Andrew (perspectivism) wrote,


Truth, beauty, goodness. What is useful? What is worthwhile? What engages? What is even interesting? My phototropism is about more & more focusing awareness on useful & beautiful truths.

Sometimes, I get a song stuck in my head. When I want it to stop, I throw some anger at it. I use my own anger so very rarely in any context that it's become a jarringly powerful force for me. My latest phrase to summon it is, "Boring Repetitive Useless Destructive!" Nothing makes me take stock & refresh like an accusation of BRUD.

Stuck songs are mostly just wasteful -- mindviruses run amock. Amock, yet inert. Far worse is a thoughtcycle that takes hold of something important to you & then won't let go. Mental lockjaw. The sickness of one perspective, a single judgment dulling a whole area. "The brain stops here."

Reframing from multiple perspectives -- which feels like demanding continued novelty from each thoughtstream -- gives a fighting chance at finding the right tool for the job, the right perspective for a particular problem at a particular moment. "Problems cannot be solved at the level of awareness that created them."

Last night, I talked with a girl who's going through an extremely difficult breakup. At first, she kept wanting to take a clinically detached exterior perspective to tell her stories. She was really trying to explain her feelings without even mentioning them. Her mind ran around in close circles of defensiveness, spinning each gossipy physical detail in the same way as the last. Her close defensive circles locked her own truth out of the explicit dialogue, but emotional truth is not one of those who can ... easily hide. Her truth totally chose her directions & tones instead, grabbing whatever devices were left to it, completely respinning everything 'objective' she might have meant. Her emotional truth drowned every textually 'scientific' (exterior) sentence in its sea of screaming (interior) needs.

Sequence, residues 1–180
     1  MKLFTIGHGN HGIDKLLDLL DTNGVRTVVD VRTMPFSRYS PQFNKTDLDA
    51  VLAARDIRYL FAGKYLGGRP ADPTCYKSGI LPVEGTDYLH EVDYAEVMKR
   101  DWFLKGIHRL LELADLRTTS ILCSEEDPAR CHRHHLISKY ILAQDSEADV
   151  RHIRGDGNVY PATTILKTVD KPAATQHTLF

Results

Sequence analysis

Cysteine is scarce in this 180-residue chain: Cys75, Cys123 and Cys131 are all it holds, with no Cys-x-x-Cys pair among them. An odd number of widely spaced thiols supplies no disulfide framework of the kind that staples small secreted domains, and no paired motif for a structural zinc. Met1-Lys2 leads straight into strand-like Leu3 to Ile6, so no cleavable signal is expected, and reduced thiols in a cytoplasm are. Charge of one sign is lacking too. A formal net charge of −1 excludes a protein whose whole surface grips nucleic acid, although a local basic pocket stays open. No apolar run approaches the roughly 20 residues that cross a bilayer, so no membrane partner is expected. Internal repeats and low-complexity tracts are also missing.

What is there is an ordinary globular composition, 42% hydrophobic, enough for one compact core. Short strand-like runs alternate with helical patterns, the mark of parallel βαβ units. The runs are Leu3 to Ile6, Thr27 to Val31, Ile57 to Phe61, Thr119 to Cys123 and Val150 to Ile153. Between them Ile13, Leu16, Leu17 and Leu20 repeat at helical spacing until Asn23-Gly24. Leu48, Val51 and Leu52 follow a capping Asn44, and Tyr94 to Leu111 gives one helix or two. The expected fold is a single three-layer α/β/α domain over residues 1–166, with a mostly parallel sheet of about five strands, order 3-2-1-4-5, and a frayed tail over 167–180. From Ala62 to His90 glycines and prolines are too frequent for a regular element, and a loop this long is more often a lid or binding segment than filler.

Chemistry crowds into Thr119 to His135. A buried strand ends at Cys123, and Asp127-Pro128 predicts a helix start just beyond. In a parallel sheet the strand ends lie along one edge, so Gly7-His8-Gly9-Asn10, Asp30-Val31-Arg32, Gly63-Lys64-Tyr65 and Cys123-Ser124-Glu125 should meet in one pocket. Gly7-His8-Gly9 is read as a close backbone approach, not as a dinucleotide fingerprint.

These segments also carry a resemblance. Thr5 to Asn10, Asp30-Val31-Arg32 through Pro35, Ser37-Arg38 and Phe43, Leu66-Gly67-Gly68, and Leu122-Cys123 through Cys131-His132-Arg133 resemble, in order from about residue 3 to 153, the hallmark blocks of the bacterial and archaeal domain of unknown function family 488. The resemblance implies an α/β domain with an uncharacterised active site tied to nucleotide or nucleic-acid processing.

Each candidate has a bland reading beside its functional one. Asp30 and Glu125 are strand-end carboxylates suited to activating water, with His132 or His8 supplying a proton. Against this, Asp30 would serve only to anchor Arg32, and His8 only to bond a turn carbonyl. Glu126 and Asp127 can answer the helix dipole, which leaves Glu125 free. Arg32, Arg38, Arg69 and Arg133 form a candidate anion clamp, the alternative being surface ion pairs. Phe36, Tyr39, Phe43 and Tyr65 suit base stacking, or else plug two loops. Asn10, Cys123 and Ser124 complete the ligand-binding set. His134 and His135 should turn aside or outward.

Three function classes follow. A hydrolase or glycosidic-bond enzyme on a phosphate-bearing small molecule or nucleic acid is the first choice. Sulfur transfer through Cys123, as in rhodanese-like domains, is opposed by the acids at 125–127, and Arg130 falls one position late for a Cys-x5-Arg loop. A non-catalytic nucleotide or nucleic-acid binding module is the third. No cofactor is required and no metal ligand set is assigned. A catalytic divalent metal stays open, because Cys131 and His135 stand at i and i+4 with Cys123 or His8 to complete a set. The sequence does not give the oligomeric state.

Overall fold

In the exterior world, the world of everyday objects, the world of measurement, there is only one reality. And our descriptive words stake claims over that one reality, over how that one unified picture really is. But we each have our own interior world -- the world under the skin, the world between the ears. We can talk honestly about those worlds without causing a turf war of perceptions. Moreover, the inside is what ultimately matters to humans. We can talk with the greatest clarity on the matters of most importance without ever stepping on to the battleground of exterior reality. How lucky we are!
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